The Red Tractor scheme, used to mark food produced to a ‘high standard’, fails to regulate the use of pesticides on farms, according to a report.
As the largest agricultural and food assurance scheme in the UK, which certifies around 50,000 farmers, Red Tractor is responsible for ensuring compliance with environmental standards. The products are sold in all major UK supermarkets.
However, most farmers surveyed by the Nature Friendly Farming Network said the program did not help them reduce pesticides.
Overall, farmers felt that Red Tractor did not help them meaningfully consider their pesticide management and was ineffective in helping them reduce pesticide use. Only five of 24 survey respondents said they had been encouraged by Red Tractor to review their pesticide management.
Martin Lines, co-author of the report and president of the Nature Friendly Farming Network, said: “Our interviews with Red Tractor certified farmers revealed that the standards hardly encourage – let alone support – farmers to reduce their use. of pesticides.
“Many UK farmers are working hard to switch to using non-chemical alternatives and it is time for Red Tractor, as our largest agricultural and food insurance scheme, to become a key player in driving the transition. towards more sustainable agricultural systems. Farmers want – and need – their support to work with nature rather than against it.
The report also pointed out that Red Tractor had no targets to reduce the use of these harmful chemicals. Recent studies have revealed alarming global declines in insect populations, with more than 40% of insect species declining and a third endangered. Along with habitat loss, pesticides have been identified as one of the main factors behind these declines. In the UK, butterflies have declined by 50% since 1976 and 13 species of bees have disappeared.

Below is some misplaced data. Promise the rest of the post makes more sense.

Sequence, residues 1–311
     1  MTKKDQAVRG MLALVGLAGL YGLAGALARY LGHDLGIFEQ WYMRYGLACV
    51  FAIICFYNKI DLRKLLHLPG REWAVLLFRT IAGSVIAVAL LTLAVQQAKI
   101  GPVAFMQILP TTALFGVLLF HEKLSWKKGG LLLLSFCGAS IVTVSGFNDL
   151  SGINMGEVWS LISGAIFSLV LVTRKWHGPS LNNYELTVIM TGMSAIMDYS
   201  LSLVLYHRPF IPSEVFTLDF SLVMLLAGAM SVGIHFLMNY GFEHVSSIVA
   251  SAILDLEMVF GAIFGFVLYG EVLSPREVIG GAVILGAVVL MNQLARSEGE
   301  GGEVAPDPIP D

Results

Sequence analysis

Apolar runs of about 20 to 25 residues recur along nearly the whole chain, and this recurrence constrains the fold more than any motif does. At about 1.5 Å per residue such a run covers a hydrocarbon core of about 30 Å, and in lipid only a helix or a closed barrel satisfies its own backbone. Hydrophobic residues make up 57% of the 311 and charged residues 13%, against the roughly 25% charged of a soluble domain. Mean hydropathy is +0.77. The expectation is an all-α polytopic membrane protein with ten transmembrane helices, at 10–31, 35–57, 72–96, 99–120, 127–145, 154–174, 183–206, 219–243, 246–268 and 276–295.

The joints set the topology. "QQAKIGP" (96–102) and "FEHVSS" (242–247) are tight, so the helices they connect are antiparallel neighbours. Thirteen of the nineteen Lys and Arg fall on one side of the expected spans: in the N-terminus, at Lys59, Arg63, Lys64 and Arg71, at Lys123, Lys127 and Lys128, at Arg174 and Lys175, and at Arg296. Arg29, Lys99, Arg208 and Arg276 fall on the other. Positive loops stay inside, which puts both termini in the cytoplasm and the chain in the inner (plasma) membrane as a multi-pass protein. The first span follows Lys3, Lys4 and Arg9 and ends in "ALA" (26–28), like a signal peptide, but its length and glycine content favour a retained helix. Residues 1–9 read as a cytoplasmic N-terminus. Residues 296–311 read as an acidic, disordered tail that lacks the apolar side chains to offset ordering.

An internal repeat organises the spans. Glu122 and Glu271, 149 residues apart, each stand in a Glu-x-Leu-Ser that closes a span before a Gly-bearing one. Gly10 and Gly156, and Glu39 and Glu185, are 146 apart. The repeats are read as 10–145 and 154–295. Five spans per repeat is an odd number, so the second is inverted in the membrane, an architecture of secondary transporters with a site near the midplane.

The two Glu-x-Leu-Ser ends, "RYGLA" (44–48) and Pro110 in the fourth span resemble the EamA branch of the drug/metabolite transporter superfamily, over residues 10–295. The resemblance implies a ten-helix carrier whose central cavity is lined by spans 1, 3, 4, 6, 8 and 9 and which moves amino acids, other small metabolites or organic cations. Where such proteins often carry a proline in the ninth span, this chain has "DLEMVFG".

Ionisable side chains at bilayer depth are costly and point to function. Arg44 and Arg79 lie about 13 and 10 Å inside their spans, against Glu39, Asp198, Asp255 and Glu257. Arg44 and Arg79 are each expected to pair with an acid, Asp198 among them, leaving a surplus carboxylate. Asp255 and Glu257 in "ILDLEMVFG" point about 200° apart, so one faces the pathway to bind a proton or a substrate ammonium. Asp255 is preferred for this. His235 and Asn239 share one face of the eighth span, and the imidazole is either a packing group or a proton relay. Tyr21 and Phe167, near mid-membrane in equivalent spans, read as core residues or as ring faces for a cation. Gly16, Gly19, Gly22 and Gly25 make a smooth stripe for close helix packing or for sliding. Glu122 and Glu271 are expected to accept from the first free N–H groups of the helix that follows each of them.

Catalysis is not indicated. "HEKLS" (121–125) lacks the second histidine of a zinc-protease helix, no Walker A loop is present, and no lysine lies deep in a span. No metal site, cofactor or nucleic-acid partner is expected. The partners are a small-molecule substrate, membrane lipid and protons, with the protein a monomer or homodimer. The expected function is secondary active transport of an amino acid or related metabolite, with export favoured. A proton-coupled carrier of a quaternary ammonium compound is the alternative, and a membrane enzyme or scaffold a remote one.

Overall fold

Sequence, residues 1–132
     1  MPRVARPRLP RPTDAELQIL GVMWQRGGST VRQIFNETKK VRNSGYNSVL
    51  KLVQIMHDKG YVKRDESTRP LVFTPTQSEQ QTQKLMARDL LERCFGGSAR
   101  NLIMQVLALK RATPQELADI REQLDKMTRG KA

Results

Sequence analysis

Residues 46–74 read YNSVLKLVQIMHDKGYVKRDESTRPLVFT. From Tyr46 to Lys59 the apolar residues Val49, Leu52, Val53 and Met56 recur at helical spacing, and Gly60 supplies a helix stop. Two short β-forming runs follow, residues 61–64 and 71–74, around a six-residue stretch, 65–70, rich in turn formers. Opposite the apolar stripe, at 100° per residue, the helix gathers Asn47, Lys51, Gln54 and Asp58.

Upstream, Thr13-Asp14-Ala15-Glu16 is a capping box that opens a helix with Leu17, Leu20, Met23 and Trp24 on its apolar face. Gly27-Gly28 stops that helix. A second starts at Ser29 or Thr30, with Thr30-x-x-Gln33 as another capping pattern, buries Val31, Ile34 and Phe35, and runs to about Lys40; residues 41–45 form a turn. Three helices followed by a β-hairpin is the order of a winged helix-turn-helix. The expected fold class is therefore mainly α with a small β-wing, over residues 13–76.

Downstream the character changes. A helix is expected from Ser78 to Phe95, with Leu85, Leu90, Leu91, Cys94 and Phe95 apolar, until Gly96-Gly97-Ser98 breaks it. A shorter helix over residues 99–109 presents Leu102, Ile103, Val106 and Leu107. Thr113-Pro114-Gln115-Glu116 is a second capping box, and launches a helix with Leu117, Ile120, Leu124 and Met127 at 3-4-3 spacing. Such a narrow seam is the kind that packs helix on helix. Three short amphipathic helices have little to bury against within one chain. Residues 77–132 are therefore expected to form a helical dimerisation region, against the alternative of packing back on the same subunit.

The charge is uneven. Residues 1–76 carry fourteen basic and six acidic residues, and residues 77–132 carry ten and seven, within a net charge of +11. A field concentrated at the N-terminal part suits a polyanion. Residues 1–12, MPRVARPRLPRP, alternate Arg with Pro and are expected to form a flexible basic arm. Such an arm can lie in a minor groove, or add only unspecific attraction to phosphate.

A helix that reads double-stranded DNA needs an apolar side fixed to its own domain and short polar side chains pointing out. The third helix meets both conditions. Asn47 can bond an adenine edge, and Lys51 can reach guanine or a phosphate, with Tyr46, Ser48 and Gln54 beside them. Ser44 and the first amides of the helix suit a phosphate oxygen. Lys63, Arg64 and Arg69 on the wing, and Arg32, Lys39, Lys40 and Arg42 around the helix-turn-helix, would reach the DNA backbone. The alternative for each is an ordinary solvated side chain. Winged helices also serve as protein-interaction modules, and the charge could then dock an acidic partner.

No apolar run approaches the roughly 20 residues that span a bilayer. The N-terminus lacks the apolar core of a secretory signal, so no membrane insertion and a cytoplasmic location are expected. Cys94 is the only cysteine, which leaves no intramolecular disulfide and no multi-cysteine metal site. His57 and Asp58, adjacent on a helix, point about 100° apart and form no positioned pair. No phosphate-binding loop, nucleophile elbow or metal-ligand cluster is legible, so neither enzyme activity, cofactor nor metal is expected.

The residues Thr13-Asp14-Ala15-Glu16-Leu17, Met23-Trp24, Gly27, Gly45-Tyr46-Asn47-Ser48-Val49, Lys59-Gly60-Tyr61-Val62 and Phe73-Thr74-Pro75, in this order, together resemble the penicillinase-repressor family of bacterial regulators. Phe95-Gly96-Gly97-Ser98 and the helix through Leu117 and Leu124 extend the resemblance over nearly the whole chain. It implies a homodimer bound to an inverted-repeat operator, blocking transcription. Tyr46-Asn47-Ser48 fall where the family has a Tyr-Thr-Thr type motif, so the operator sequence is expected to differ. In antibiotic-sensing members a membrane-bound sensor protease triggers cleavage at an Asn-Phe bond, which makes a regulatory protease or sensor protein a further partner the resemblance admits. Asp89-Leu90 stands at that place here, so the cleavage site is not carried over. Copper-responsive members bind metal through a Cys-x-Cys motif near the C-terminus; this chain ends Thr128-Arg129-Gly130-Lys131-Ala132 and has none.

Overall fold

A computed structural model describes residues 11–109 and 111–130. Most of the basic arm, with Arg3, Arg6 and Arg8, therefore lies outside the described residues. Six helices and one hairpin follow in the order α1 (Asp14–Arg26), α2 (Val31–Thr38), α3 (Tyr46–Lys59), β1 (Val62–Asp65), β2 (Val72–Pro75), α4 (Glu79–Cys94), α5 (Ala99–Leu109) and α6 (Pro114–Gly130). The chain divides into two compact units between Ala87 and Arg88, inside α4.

Perhaps due to the decline of insects, higher up the food chain, farmland birds have declined by 54% since 1970 and hedgehog numbers have dropped by up to 50% in rural areas since 2002.
Additionally, the pesticides that pose the highest risks to human health and the environment, known by the UN as “highly hazardous pesticides,” are not targeted for phase-out by the program. The Red Tractor standards do not include any additional restrictions on the pesticides farmers are allowed to use.
Josie Cohen, Policy and Campaigns Manager at Pesticide Action Network UK, said: “If we are to have any hope of solving the biodiversity crisis, we need to move away from our reliance on pesticides. But Red Tractor’s standards continue to prioritize the use of chemicals, with no limits on how much or where they can be used. Unlike many UK supermarkets, Red Tractor allows its farmers to use any legal pesticide product, regardless of concerns about impacts on human health or the environment.
Red Tractor responded that the industry as a whole needed to change its attitude towards pesticides, otherwise large numbers of farmers would be left behind and excluded from standards systems. He added that the new report “makes constructive suggestions about how Red Tractor content can evolve to meet these challenges and we welcome this contribution to the debate.”